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Looking beyond our leaders
It is not just the LGBTI community which is frustrated with our current federal leadership — a recent Fairfax/Nielsen poll identified Prime Minister Julia Gillard’s approval rating at a mere 36 percent, while Opposition leader Tony Abbott’s rating was only three points higher.
Rather than throwing our hands up and waiting for better replacements, perhaps there is an opportunity to dig a little deeper into the dynamics of leadership and the expectations we place on our leaders.
We look to our leaders for direction, protection and order. This means different things at different times, and at the moment in our community the debate is heavily focused around marriage equality, and the lack of any direction at all coming from the aforementioned leaders on the matter.
There is nothing wrong with our demands, but we need to be careful not to become dependent on authority, or to expect that our leaders can solve all our problems for us.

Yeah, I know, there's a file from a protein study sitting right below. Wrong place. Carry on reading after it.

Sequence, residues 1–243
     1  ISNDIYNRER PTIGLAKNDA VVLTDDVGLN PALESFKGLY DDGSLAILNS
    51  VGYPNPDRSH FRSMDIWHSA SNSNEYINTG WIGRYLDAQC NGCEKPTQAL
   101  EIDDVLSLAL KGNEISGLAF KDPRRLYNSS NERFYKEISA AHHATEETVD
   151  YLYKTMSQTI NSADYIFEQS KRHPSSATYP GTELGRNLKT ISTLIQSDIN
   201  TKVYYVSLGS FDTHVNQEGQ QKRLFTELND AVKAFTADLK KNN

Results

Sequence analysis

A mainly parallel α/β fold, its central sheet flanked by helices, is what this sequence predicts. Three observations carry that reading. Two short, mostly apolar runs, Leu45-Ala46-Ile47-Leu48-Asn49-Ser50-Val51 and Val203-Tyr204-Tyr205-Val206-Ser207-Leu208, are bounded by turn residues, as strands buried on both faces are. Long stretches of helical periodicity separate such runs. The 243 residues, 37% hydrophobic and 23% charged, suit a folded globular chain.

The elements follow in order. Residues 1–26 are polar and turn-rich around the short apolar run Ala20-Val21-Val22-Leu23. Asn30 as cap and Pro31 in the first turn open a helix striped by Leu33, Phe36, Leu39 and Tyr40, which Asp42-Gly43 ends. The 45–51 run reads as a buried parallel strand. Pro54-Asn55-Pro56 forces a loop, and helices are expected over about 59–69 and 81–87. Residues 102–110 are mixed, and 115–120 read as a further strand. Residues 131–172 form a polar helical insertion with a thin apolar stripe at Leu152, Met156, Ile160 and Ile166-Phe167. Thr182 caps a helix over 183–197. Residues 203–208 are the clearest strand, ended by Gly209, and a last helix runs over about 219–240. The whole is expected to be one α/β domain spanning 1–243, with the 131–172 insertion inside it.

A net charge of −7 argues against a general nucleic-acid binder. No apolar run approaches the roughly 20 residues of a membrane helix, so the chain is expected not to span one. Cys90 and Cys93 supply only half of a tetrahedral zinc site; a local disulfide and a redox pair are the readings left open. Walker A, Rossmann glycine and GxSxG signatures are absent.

Indeed, if marriage equality (and every other legislative reform we seek) were gifted to us tomorrow, we would still have plenty of work to do.
What is that work? Part of it lies in changing the hearts and minds of ordinary Australians about LGBTI equality.
If recent opinion polls, celebrity endorsement, and the thousands of people who flocked to see Dustin Lance Black’s theatre production 8 in Sydney and Melbourne this weekend are anything to go by, this change is taking place regardless of what our leaders say or do.
Perhaps the more difficult — or at least more confronting — work, however, is the work we need to do within our community.
We need to examine the stories we tell about ourselves. It is true that we have faced discrimination over many decades, but is that what we want to carry forward? Are we able to let the hurt we have endured open us to the pain of all those who have been discriminated against, rather than render us powerless?
Only we can create a vision for the community we want to be.
We need also to acknowledge that discrimination happens not just to us, but by us as well. I have seen discrimination on the basis of age, sex, gender identity, race, religion and other grounds within our community — no doubt you have too.
We need to be positive, but honest. Neither Julia Gillard nor Tony Abbott is ultimately responsible for our growth as our community. Our future is in our own hands.
By JUSTIN KOONIN, NSW GLRL